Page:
Excerpt from Globe and Mail
Airbnb has recorded 300 million check-ins by guests across 4.5 million rental listings in its first decade – eclipsing the figures for its major hotel-industry competitors.
The experience of staying in an Airbnb listing is simultaneously an argument for and against the platform. On the one hand, every space is unique and quirky; on the other hand, unique and quirky can sometimes pose challenges on a massive scale.
The struggle to overcome those challenges was on display last week when the 10-year-old company threw itself a three-day birthday celebration to unveil a slew of improvements to its core service of connecting strangers online who are looking for short-term accommodation.
Many of the new Airbnb changes are designed to incentivize the company's 400,000 landlord partners (who it calls hosts) to create a more predictable experience for travellers, while at the same time pushing its unique listings ever higher into the luxury tier of hospitality.
"Airbnb is still not for everyone, until today," co-founder and chief executive Brian Chesky said at San Francisco's Masonic Auditorium, while standing onstage in front of a giant screen displaying the slogan "Airbnb for everyone."
Airbnb has been remarkably successful in its first decade. It has recorded 300 million check-ins by guests and there are 4.5 million places to rent on the platform. By comparison, the world's biggest hotel company, Marriott International, has 1.15 million rooms, and Airbnb would still lead even if you combined Marriott and the other top-three hoteliers (Hilton Worldwide, InterContinental Hotels Group and Wyndham Hotel Group).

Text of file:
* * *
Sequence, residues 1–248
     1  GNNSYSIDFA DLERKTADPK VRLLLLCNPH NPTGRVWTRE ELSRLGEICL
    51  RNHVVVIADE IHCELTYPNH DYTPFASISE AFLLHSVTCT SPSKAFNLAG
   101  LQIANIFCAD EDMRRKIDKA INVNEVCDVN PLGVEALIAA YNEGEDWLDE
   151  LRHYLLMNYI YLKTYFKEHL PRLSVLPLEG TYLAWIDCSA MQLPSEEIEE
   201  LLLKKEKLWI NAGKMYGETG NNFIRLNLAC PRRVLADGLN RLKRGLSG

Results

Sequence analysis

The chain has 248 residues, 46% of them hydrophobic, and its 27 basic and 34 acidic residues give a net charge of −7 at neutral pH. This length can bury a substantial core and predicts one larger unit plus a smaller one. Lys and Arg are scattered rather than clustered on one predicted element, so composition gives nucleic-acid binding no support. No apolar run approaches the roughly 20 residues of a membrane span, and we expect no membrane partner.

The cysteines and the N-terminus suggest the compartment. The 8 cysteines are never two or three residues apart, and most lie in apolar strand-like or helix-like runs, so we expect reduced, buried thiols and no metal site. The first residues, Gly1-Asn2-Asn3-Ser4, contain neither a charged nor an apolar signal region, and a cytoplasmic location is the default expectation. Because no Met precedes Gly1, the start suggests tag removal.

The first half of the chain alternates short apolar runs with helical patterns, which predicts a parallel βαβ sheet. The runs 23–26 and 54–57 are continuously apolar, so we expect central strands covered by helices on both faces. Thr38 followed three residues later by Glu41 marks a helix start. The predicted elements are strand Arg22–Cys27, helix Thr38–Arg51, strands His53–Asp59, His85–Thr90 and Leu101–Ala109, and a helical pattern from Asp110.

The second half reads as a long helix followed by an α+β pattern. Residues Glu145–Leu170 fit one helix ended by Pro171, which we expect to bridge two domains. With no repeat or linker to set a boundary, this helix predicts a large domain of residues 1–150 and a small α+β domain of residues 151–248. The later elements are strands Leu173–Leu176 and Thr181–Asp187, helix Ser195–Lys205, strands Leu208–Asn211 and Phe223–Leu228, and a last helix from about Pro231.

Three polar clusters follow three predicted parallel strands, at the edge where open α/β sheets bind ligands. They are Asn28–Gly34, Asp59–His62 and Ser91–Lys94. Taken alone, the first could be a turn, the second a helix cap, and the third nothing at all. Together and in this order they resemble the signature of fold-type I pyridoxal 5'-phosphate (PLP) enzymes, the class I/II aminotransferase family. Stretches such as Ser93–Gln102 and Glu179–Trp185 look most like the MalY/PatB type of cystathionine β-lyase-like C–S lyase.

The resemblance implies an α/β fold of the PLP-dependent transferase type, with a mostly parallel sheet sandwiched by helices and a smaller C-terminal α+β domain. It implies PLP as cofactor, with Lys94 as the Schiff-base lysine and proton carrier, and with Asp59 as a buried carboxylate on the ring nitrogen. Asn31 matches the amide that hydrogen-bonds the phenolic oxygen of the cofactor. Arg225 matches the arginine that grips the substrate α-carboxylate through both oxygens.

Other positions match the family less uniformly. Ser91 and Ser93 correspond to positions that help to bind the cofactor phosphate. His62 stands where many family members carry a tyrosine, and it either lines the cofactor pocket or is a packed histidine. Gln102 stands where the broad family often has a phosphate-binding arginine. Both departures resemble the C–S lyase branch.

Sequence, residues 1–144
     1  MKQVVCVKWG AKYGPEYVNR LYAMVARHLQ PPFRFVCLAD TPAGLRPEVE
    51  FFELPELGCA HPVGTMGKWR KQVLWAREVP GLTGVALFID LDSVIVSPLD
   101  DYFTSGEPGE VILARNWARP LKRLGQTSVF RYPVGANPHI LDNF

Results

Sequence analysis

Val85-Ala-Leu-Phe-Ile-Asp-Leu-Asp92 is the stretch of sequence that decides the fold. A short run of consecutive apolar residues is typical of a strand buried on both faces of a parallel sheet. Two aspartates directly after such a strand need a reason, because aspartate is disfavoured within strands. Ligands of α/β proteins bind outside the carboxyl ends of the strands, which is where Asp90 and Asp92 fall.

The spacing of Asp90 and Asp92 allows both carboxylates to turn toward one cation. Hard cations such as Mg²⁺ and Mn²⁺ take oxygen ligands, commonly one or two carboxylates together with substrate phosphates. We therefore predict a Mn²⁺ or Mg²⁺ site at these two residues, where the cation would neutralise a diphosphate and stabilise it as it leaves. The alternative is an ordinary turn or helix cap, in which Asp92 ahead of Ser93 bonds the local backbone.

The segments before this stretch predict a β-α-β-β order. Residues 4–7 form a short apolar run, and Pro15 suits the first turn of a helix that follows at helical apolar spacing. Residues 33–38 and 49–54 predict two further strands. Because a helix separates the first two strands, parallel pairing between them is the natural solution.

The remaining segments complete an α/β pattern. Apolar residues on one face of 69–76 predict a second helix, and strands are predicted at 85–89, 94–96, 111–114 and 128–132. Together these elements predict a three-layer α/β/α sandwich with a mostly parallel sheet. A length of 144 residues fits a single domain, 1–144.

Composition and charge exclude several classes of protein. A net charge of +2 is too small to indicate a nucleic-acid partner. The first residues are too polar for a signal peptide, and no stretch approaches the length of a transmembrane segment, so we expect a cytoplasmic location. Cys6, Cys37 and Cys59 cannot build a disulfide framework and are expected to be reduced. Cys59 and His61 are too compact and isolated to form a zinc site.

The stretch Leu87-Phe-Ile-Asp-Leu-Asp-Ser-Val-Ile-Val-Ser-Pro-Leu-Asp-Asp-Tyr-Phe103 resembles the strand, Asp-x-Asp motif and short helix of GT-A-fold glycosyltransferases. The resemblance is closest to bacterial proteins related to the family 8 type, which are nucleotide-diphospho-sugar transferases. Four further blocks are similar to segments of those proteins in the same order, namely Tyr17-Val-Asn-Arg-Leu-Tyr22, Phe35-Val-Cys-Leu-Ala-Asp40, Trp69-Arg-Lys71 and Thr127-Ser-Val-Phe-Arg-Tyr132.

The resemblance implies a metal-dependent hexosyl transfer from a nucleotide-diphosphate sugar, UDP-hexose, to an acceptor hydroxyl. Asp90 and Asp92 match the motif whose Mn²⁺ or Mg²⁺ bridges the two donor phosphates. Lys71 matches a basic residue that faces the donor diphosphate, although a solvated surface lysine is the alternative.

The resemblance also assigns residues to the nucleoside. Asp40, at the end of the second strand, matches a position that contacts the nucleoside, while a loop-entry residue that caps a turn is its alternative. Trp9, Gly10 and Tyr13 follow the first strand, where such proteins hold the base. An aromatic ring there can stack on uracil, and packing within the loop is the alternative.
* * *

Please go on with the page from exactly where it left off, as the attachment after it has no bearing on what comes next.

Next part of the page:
Airbnb hopes to get to a billion room rentals, and as its growth has slowed in its strongest markets, it is turning to some of the lessons of the old-style hospitality business: uniformity and predictability.
The company recently rolled out a new program called Airbnb Plus, which entices hosts to apply for better promotion and higher rates, but also demands they meet a 100-point checklist of hospitality quality (as verified with an in-person inspection by an Airbnb contractor). Airbnb Plus launched with 2,000 listings in 13 cities (Toronto included) but aims to hit 75,000 listings by year's end.
"The program is out there to recognize hosts that have gone above and beyond," said Airbnb's Amber Cartwright, a design manager and one of the leaders on the Plus program.
The full 100-point list has not been posted, but some of the requirements highlight the challenges of making someone's home into a hotel room. In order to qualify for Airbnb Plus, a host must maintain a high rating, accept 95 per cent of their booking requests (which seems relevant in light of claims alleging some hosts were racially discriminating against some clients) and have no cancellations in the past year.
Perhaps incredibly, Airbnb also needs to remind hosts of several sleepover basics, such as: "Door to listing closes properly and has a lock. There's a neutral or pleasant aroma in every room. Smoke and carbon-monoxide detectors are installed. Everything out in the open is either aesthetic or could be used by a guest."
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